# My RegEx Cheatsheet

In this post, I compile a cheatsheet of the main regexes that I use in my projects.

Digital communication relies heavily on regular expressions to make it work. These are sequences of characters that specify a search pattern in the text. It is usually these types of patterns that are used by string-searching algorithms when they are attempting to “find” and/or “replace” strings or when they are attempting to validate input. Regular expression techniques are developed in theoretical computer science and formal language theory.

A regular expression (regex) is a sequence of characters that specifies a search pattern. Regexes are commonly used in text processing tasks, such as finding and replacing specific patterns of characters in a body of text.

Regexes can be used to search for patterns of characters in a string, or to match or replace strings based on specific patterns. They are often used in text editors, programming languages, and command-line utilities to perform these types of tasks.

Regexes are powerful because they allow you to define complex search patterns using a compact and concise syntax. For example, you can use a regex to search for all the email addresses in a document, or to find and replace all instances of a particular word in a piece of text.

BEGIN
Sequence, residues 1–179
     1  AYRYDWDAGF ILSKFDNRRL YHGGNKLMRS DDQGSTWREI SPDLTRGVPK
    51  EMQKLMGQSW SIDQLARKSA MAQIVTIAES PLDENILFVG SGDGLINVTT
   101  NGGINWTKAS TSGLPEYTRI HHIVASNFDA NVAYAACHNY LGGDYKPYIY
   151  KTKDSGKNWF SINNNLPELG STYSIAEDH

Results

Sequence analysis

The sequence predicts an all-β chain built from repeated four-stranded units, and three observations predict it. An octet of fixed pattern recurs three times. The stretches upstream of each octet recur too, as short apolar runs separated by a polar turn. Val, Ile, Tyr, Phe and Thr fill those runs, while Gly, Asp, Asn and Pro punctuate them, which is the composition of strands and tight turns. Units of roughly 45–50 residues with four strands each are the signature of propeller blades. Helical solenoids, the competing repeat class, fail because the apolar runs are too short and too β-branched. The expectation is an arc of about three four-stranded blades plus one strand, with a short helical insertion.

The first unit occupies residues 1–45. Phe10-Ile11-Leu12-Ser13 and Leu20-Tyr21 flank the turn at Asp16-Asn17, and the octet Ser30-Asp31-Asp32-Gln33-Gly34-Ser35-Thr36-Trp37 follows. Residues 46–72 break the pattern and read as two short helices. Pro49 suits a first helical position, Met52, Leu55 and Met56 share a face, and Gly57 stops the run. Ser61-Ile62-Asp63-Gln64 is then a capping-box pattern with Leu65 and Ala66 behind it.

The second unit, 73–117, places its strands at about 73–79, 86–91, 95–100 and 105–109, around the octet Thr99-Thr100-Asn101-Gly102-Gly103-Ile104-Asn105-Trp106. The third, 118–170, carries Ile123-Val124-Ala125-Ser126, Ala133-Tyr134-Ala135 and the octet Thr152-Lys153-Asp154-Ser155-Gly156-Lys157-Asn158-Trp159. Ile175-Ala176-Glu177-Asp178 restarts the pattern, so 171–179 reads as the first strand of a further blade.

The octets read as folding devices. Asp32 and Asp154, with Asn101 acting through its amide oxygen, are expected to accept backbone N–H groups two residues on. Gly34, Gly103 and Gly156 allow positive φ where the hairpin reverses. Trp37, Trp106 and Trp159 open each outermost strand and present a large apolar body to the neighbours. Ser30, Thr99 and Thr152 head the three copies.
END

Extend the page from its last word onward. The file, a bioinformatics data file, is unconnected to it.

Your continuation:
There are many different flavors of regexes, with different syntax and capabilities. Some of the most commonly used regexes are based on the Perl programming language, and are known as “Perl-compatible regular expressions” or PCREs.

Regexes can be used for a wide range of text processing tasks, such as:

• Searching for specific patterns of characters in a body of text
• Validating that a string matches a specific pattern (e.g. to ensure that a password meets certain criteria)
• Extracting specific substrings from a larger string (e.g. to extract all the email addresses from a document)
• Finding and replacing strings based on specific patterns (e.g. to replace all instances of a particular word in a piece of text)

It is common to use regular expressions and other text processing utilities, for example sed and AWK, to search and replace in text processors, as well as in lexical analysis and in text processing. The majority of general-purpose programming languages support regex capabilities either natively or with the aid of libraries. Examples of such languages include Python, C, C++, Java, and JavaScript.